Day two of the points series for majority of the Cowes Classics Week classes got underway today in another good breeze. Once again it was down to the four committee boats spread across the north shore of the Solent to the east of Cowes to set windward leeward courses, laying on two races for each class, with the exception of the Daring class which managed to put in three races.
The wind built through the early afternoon and the 6 metres, which feel the wind pressure on their immense sail area sooner than most, declined a third race, opting to head back upwind to the shelter of Cowes. Fenton Burger took home two more wins to keep his vintage 1926 Sioma strongly in the lead in the series so far.
The Darings, on the same race course, enjoyed two “perfect starts” to their windward leeward courses, as described by Race Officer Peter Dickson, and enjoyed some extremely close racing throughout the day with some lively place changes here and there. Magnus Wheatley in Destroyer sprang to form outmanoeuvring his rivals to move to the top of the fleet in both the second and third races. John Corby was equally pleased with his performance today. He rescued his Daring Doublet from a local yard for just £10 before going on to completely restore her. “We have had a really good regatta so far,” he says of his results which include a 3rd and two 5ths. “We only launched the yacht at the beginning of June, and I’m going to keep sailing her for a while!”
A handful of smaller Old Gaffers in the Silver Fleet used the same committee boat race area as the Swallows and Flying Fifteens, the latter whose 1947 design qualifies them as classic yachts along with the rest of the competitors, all of whose yachts were designed before 1970.
David Hopkins’ gaffer Chough, a one-off design built in 1927, won both races of the day in that class, with David Peniston’s Sepia taking two second places. Top Flying Fifteen of the day Freddie Flintoff scored two firsts for her owner David Heritage, while the winning Swallow was Anthony Glover’s Darter.
Meanwhile the larger classic yachts were divided into three fleets, Red, Blue and, for the larger gaffers, White, Today was their third day of racing with points to count towards their series.
Race Officer Derek Hodd started the three fleets downwind for their one race of the day towards the east using Solent marks. In the Classics Red fleet, for the highest rated yachts, a distinguished collection of Nicholson 32s, all built in the early 1960s, had a good day when two of their number scored both first and second, Anne-Marie Coyle’s Responsive and Hugh Crother’s Beltana respectively.
Other cruisers include the immaculate Quailo III, whose distinguished history includes membership of the 1973 Admiral’s Cup team, and the 46ft 1948 ketch Helmi.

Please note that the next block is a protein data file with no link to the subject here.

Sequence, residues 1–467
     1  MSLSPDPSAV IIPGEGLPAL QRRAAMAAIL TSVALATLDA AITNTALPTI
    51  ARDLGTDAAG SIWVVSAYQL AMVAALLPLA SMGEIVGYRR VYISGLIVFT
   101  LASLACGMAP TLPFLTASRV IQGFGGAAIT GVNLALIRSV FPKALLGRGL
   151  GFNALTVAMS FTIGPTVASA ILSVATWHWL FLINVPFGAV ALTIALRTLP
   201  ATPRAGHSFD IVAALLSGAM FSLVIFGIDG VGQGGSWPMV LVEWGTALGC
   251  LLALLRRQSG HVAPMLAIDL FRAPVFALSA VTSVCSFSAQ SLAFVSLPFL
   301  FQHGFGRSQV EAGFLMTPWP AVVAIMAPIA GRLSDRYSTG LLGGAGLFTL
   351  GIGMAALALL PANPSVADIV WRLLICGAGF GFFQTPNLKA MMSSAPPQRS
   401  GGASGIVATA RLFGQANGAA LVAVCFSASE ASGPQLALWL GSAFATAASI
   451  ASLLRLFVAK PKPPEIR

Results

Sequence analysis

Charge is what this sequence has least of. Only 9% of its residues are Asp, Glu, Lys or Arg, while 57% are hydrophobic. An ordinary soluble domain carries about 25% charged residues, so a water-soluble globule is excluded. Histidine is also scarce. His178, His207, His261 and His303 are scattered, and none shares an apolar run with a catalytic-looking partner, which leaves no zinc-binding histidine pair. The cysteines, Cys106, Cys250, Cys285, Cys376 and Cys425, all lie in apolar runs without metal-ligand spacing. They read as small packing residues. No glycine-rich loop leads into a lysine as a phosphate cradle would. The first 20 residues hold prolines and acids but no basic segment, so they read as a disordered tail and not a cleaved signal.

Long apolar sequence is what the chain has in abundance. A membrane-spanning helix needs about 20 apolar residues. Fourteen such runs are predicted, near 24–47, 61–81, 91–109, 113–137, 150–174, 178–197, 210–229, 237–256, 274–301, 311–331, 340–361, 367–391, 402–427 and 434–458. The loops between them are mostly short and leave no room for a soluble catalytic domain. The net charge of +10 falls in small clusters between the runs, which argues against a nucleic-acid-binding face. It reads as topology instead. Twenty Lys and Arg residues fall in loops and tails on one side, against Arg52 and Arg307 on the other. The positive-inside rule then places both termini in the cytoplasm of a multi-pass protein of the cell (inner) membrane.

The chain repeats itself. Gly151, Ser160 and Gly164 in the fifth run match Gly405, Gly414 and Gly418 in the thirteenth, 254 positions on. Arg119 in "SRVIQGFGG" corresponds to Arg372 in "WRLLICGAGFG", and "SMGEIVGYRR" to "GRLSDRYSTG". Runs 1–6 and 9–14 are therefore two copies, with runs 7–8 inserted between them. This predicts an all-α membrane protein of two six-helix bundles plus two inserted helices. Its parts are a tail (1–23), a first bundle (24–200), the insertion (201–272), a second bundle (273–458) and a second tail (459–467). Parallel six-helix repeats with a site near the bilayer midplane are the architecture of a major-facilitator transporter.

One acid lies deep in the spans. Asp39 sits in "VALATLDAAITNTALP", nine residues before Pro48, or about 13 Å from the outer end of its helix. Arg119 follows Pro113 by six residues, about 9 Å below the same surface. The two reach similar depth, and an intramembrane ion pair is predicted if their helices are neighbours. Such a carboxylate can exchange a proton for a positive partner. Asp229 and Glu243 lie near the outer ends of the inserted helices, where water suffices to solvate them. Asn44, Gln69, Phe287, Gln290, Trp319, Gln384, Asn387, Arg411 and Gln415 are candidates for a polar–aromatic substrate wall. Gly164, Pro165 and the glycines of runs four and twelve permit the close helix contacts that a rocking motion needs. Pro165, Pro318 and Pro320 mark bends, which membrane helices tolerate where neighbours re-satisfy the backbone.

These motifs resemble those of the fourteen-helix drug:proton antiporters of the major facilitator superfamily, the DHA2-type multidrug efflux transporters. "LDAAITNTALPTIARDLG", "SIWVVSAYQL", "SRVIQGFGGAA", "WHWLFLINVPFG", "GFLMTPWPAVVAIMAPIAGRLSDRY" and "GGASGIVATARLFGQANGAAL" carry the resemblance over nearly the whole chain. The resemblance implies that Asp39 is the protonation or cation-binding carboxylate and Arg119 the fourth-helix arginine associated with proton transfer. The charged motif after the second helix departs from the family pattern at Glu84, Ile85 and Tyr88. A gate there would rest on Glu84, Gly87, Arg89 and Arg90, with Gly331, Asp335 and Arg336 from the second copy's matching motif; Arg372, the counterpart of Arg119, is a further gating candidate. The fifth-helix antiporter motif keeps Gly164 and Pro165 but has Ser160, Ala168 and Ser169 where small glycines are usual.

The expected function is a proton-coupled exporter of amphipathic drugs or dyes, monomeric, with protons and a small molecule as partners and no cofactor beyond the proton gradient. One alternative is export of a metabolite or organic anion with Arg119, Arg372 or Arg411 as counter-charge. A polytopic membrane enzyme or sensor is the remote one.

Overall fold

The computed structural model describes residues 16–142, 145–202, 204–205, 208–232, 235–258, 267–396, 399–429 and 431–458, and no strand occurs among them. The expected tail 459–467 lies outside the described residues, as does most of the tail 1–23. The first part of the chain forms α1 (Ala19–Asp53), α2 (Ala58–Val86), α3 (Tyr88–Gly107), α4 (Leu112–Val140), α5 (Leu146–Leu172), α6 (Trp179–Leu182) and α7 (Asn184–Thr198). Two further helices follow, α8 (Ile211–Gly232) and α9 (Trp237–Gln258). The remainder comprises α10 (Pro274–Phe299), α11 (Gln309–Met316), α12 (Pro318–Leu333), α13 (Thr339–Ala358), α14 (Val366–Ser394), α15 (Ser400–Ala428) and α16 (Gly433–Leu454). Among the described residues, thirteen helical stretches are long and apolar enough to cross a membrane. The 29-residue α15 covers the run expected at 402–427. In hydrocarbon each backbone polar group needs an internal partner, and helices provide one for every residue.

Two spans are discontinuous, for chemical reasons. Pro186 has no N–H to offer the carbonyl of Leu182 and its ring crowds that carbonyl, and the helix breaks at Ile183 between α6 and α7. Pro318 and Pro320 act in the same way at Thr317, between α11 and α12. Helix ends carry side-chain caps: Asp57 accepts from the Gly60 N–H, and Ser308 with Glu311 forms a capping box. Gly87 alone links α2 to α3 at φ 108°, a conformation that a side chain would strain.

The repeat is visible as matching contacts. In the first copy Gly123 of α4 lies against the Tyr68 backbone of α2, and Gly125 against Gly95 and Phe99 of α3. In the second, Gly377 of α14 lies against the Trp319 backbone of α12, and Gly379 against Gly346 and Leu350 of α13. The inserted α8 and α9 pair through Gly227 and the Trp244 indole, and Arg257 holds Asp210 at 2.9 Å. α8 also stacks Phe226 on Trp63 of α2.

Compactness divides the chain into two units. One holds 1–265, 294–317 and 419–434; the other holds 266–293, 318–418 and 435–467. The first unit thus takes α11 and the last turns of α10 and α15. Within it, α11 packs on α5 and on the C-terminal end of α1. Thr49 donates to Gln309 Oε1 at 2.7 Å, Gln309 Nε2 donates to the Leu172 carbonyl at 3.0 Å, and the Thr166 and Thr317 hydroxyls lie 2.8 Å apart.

Making an appearance at the event are two eyecatching Tofinous, modern sleek yachts incorporating 1930s original design. Caroline Aisher sailed her Tofinou 8 Lennie while Ted Fort OBE helmed his 9.5 Pippa, and is currently lying in 3rd place in the Classic Yacht Red group.
In the 12 strong Classic Blue Fleet Douglas Peniston’s 1964 built Folkboat Finvara still leads the way both on the water and on points with another first in today’s race.
Barry Dunning and Bob Fisher’s 1896 Solent One Design Rosenn, designed and built by White’s, appears to be unbeatable in the Classic White division, whose fleet boasts no boat built later than 1913. “Twenty three Solent One Designs were built,” says Bob, and we know there is one still active in Argentina.” Of the race he said “We just pulled away ahead of the fleet once again today. We knew where we wanted to go and we worked the tide. The wind was a bit fickle in the area of Norris.”
The XOD class had more than its share of the action in the increasingly blustery afternoon winds, with a broken mast for X94 Sirena during the second race ending the week’s efforts for owner Dugald Henderson. The calamity was all the more disappointing as he and his crew had just won the previous race. On X120 Morena, helmsman Neil Clifford was thrown overboard when a wind shadow lurched the boat to windward as the training ship Tenacity cut through the 60-strong fleet. Neil was rescued and taken ashore by motor boat and treated by ambulance but reported no injuries. The XOD, the largest fleet in Cowes Classics Week is currently being led by Paul Woodman after four races.
Racing continues tomorrow (Thursday).
Picture galleries of all the racing here.
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Photo credit; Tim Jeffreys.
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